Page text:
There is something about their fiscal choices that – based on their professed values and rhetoric – doesn’t make a lot of sense to me, a mere centre-right economist.
Of course, one reason why government spending no longer needs to be quite as high is that interest rates have come down. Finance costs (mostly interest) were almost 2 per cent of GDP in 2000 and were still about 1.5 per cent in the middle of this decade, but are projected to fall to only 0.9 per cent of GDP by 2023.
On the other hand, there is the fiscal burden of New Zealand Superannuation, the age of eligibility not now having been changed for many years, even as more of the baby boomers got to 65 and the life expectancies more generally increased. In 2008 – just as the last recession began NZS cost 3.9 per cent of GDP, in 2015 4.75 per cent, and in 2023 the cost is projected to be 5.04 per cent.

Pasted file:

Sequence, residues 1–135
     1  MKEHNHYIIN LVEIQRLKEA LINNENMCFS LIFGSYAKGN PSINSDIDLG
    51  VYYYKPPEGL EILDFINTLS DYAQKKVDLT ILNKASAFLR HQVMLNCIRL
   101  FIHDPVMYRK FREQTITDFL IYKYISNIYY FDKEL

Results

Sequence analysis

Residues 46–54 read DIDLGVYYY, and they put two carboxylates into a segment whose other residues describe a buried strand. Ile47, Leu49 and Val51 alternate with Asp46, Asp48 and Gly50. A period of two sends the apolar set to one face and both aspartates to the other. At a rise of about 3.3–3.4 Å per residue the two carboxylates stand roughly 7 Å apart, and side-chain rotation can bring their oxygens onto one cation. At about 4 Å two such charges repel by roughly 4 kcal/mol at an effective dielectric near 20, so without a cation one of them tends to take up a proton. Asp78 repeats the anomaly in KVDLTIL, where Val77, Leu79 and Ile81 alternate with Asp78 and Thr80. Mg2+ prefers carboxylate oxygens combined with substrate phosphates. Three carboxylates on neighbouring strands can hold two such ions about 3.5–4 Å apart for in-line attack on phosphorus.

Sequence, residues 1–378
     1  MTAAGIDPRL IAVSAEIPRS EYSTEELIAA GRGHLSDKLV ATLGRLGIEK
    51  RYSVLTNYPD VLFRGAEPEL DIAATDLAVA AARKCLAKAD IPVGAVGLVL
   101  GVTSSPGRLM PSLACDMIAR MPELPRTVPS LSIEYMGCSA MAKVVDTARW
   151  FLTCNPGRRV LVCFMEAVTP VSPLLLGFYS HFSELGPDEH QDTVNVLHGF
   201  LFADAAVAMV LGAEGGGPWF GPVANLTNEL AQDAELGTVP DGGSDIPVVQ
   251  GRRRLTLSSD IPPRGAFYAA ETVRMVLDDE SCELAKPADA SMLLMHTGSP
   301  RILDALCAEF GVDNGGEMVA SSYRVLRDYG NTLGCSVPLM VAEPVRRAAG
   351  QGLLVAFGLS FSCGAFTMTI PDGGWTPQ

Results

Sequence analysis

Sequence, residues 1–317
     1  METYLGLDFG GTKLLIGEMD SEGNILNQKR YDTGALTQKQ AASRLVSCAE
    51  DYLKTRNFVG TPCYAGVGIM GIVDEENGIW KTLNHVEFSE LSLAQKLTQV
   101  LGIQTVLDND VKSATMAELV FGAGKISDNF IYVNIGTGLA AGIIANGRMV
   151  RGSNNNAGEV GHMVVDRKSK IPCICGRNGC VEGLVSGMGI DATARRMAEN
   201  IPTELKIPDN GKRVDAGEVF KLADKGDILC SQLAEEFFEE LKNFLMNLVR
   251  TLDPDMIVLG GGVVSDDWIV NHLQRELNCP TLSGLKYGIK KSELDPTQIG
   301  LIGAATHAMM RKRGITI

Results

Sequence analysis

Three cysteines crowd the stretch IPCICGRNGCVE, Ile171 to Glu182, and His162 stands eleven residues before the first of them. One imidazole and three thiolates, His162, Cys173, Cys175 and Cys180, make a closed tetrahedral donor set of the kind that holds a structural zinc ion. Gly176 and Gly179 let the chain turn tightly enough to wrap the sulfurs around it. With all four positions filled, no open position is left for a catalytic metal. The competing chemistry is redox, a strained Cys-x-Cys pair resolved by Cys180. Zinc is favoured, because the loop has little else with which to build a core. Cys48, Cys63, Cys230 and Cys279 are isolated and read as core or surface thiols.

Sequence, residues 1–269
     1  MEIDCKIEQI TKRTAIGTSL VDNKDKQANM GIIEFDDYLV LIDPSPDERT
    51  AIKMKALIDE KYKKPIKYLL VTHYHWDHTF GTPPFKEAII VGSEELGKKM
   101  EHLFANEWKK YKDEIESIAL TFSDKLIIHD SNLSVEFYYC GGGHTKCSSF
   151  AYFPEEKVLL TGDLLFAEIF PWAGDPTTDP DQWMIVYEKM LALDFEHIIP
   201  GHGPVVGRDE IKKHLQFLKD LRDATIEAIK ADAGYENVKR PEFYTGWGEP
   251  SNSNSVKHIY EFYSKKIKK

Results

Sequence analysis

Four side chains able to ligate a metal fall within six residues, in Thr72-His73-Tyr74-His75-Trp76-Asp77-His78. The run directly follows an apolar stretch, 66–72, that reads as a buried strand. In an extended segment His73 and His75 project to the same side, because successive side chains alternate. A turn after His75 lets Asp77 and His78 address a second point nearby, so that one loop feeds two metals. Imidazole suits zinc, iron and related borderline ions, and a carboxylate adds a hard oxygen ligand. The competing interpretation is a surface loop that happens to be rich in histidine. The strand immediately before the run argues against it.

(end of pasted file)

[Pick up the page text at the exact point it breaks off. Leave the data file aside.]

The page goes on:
Strip out both finance costs and NZS costs and all the rest of the stuff governments do, operating spending as a share of GDP in 2023 is projected to be 2 whole percentage points of GDP less than it was when Labour ended its previous term in government (year to June 2008), and about the same as in 2015 and 2016. It is a curious achievement for a party that talked so much about underfunding, generational change etc etc. Perhaps it would be one thing if it were genuinely the result of winnowing out wasteful programmes etc, but there has been little real sign of that. Perhaps – whatever your view on the extent to which health should be funded by the state – it is one reason why our national statistics agency, something close to a public good, appears so badly underfunded.
So sceptical as I am of the Crown taking on another $150 billion of debt – as Hickey calls for – with net general government liabilities at zero, real interest rates basically zero, and the budget in surplus throughout the forecast period, one could make a reasonable case for a slightly higher level of government spending (or lower taxes). A small deficit – consistent with a small primary surplus – is consistent with keeping net debt at around its current level (share of GDP) in normal times, while providing plenty of leeway to handle the next serious recession (some mix, probably, of automatic stabilisers and discretionary stimulus).